(Reuters) – U.S. health officials on Thursday reported 2,290 confirmed and probable cases and 5 more deaths from a mysterious respiratory illness tied to vaping, taking the total death toll to 47 so far this year.
Last week, the Centers for Disease Control and Prevention (CDC) recorded 2,172 cases and 42 deaths from the illness.
U.S. officials recently said vitamin E acetate — believed to be used as a cutting agent in illicit vaping products containing marijuana components — was found in all lung samples from 29 patients who were tested.
CDC has called vitamin E acetate a “chemical of concern” and recommended not adding it to e-cigarettes, or vaping products, while the investigation is underway.
Investigators had earlier pointed to vaping oils containing THC, the psychoactive ingredient in marijuana, as being especially risky.
The spate of serious respiratory illnesses has led to U.S. officials urging people to stop vaping, especially those products containing THC.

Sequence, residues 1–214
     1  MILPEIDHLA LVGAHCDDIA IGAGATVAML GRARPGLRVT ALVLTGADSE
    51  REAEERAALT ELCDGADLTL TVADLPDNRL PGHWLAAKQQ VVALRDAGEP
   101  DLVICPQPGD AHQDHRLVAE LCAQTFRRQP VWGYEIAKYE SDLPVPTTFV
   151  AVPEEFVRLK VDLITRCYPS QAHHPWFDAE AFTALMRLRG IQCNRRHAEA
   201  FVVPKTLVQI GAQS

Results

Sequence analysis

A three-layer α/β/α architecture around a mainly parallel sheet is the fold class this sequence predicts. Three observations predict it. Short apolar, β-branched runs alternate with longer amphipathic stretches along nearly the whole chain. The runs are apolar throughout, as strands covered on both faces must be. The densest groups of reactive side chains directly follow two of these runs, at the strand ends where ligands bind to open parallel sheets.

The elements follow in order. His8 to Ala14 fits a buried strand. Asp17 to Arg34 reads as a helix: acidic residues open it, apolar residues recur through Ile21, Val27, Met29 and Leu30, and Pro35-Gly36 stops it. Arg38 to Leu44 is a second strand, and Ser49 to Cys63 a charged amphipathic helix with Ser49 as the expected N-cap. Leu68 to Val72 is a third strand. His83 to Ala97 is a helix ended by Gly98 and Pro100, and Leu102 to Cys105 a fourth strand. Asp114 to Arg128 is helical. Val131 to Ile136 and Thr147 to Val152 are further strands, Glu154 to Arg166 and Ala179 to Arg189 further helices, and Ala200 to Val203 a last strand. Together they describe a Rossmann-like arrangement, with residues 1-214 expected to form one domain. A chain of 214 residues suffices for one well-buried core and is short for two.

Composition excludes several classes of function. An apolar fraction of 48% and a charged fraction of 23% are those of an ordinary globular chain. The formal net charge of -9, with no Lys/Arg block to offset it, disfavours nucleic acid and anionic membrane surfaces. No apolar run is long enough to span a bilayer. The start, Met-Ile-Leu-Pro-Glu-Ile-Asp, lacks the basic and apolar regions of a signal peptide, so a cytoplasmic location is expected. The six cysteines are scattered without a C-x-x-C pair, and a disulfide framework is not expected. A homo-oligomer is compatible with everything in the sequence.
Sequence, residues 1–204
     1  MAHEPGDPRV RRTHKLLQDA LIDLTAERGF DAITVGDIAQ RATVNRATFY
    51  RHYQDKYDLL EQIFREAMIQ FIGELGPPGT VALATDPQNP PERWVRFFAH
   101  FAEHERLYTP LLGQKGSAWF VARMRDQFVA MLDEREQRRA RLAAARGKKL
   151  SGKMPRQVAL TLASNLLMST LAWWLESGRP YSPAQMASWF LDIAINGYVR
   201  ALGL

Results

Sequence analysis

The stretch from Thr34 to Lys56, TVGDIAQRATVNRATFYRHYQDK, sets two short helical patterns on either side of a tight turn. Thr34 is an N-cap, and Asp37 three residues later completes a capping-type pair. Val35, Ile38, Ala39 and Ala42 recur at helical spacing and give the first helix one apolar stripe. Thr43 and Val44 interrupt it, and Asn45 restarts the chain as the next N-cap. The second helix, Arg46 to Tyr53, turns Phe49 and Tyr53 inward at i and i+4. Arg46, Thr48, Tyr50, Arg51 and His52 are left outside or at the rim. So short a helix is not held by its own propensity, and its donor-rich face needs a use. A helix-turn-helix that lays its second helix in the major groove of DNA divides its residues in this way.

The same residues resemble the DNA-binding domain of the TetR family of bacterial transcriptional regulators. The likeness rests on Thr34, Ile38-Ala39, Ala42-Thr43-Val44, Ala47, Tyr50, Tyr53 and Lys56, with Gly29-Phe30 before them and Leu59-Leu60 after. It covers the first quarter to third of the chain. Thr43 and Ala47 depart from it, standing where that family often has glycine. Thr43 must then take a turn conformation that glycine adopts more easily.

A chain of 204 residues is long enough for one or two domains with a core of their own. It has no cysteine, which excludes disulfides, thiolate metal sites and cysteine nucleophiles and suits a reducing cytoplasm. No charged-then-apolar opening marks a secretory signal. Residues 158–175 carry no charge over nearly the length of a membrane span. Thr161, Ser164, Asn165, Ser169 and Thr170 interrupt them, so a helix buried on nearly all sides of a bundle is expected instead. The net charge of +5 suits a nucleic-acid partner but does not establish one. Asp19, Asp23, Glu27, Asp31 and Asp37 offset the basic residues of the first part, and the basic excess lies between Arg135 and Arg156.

As of Nov. 20, confirmed deaths were reported in 25 states and the District of Columbia, the CDC said. Louisiana became the newest state to report a death from the illness.
The highest number of deaths were from Illinois, which has so far reported 5 deaths and 187 illnesses.
The Trump administration announced a plan in September to remove all flavored e-cigarettes from store shelves, as officials warned that sweet flavors had drawn millions of children into nicotine addiction.
President Donald Trump will host a meeting on vaping at the White House on Friday with a range of groups, including industry and public health representatives, a White House spokesman said on Wednesday.
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